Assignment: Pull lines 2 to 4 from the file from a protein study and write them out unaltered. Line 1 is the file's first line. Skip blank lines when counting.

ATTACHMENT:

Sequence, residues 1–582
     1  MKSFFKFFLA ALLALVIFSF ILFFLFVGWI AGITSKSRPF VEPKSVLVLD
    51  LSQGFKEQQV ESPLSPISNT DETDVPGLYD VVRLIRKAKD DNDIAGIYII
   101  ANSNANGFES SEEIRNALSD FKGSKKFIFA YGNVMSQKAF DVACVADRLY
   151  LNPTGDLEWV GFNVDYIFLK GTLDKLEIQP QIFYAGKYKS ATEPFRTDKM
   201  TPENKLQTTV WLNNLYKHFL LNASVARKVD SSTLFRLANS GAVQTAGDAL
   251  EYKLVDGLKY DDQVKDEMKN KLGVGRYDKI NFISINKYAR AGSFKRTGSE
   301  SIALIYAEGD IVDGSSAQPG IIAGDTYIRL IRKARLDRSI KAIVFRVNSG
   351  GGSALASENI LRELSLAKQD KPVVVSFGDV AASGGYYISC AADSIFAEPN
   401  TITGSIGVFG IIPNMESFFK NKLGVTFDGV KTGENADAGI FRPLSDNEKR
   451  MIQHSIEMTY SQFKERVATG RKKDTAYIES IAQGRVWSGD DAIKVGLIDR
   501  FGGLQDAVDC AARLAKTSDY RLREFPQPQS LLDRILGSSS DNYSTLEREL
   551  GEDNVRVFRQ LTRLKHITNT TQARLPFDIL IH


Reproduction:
     1  MKSFFKFFLA ALLALVIFSF ILFFLFVGWI AGITSKSRPF VEPKSVLVLD
    51  LSQGFKEQQV ESPLSPISNT DETDVPGLYD VVRLIRKAKD DNDIAGIYII
   101  ANSNANGFES SEEIRNALSD FKGSKKFIFA YGNVMSQKAF DVACVADRLY